Plane turned back to airport after pilots become dizzy

Updated: 

 British plane returned to airport after pilots become dizzyThe plane returned to Heathrow shortly after take-off. Stock image: PA



A Glasgow-bound plane carrying 116 passengers returned to London's Heathrow Airport when the pilot and co-pilot became dizzy and light-headed.

Herald Scotland reports that the female pilots quickly embarked on established procedures of dealing with 'incapacitation in the cockpit' when they were felt ill shortly after take-off.

A report by the Air Accidents Investigation Branch (AAIB) showed details of the scare, which involved the 3.42pm flight to Scotland on 20 December last year.

In its investigation into the incident the report described how 'during the climb out of Heathrow both pilots had experienced symptoms of dizziness and light-headedness.'

The pilots put on their oxygen masks and returned to Heathrow where the aircraft landed without further problems.

'No fault was found with the aircraft and no-one else on the aircraft experienced adverse symptoms, the report read.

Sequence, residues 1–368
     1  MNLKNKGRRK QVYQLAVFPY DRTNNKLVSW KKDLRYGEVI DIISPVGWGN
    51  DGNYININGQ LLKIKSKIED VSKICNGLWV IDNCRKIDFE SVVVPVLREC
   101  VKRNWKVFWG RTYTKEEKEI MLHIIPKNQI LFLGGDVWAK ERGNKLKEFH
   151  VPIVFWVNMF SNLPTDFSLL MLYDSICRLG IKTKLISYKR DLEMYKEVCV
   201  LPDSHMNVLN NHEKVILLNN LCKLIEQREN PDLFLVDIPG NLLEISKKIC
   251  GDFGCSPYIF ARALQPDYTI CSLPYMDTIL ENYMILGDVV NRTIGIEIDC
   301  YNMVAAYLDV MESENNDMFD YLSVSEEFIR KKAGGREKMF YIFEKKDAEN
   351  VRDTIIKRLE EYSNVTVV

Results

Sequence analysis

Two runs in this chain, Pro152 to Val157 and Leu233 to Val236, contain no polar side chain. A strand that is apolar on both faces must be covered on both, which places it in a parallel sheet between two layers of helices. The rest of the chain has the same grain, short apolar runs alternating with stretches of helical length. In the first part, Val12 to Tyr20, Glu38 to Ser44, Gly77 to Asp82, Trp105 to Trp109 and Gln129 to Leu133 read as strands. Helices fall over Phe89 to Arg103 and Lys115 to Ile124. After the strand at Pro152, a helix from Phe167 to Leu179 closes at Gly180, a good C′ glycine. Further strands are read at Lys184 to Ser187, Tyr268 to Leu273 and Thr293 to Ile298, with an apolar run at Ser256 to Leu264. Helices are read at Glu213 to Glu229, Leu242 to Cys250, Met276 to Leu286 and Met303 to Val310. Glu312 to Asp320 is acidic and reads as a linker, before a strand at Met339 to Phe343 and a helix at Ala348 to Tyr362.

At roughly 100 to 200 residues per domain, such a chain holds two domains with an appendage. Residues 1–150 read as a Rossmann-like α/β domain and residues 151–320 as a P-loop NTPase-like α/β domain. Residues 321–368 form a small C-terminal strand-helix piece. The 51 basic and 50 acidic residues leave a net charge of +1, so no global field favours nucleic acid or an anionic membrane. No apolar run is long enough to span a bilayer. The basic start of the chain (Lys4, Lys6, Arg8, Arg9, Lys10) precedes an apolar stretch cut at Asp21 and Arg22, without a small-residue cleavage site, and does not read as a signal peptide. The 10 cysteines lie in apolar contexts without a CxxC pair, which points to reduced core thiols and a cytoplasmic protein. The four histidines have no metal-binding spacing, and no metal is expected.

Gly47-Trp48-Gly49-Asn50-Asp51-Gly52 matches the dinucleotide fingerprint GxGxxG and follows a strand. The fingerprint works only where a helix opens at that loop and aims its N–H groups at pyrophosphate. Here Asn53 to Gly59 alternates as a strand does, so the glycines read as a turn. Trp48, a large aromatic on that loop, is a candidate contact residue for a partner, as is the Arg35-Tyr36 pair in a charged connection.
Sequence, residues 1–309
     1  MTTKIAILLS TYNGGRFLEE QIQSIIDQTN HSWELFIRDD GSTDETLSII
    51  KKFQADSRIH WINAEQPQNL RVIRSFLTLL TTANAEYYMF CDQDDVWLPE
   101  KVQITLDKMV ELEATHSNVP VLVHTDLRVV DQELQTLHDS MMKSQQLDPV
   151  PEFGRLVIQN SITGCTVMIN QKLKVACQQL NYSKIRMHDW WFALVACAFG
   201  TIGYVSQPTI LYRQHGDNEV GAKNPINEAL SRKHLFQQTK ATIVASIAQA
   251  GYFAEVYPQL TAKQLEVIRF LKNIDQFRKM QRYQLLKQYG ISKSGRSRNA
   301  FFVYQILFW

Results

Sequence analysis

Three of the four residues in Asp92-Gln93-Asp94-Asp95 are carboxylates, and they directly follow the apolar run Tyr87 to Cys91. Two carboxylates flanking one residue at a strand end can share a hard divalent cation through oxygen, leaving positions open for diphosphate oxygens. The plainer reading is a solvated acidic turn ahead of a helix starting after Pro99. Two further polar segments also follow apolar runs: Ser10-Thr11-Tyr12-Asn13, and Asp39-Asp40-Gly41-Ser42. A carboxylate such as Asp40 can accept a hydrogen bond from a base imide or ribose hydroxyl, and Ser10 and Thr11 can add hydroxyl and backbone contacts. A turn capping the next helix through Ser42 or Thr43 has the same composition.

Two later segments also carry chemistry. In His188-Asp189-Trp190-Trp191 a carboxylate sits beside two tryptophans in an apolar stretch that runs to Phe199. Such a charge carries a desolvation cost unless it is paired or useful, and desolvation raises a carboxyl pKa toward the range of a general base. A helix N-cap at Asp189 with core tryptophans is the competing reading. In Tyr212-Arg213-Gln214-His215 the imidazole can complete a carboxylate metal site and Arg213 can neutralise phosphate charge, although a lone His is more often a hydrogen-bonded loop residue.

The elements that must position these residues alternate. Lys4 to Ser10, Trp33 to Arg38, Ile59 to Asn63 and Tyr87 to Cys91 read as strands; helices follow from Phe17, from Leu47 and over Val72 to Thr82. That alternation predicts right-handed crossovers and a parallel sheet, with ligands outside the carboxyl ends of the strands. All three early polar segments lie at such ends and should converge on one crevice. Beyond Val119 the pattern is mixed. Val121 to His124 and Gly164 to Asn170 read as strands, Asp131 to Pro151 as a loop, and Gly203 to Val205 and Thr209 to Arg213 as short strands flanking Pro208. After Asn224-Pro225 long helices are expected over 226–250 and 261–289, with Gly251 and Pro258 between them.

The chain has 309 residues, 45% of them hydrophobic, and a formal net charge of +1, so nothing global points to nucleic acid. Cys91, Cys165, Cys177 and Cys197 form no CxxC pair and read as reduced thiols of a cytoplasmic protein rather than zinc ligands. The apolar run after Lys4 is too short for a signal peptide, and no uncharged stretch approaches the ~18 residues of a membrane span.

When the plane returned to Heathrow, the airport's fire and rescue services examined the cockpit but found no evidence of smoke or fumes. The pilots did not require medical attention.

According to Herald Scotland, the unnamed pilots were examined by paramedics but neither displayed any abnormal symptoms by that time.

The AAIB report said: 'Whilst the company operations manual requires any crew member who becomes incapacitated in flight to consult a company doctor as soon as possible after landing, the crew were still able to operate the aircraft as effective crew members.'

In the report, the captain said her light-headedness had begun when she looked down to the console to change a radio frequency. It only lasted for 25 seconds but she said the symptoms had been unique in her 12-year career with the operator.

The report concluded: 'The symptoms experienced by the commander may have been as a result of the after effects of a cold, combined with the coincidental head and aircraft movement.

'The temporary symptoms experienced by the co-pilot may have been effect of the potentially evolving situation of an incapacitation at an early stage in the flight leading to possible mild hyperventilation.'

Both pilots resumed their flying duties without any recurrence of the symptoms.

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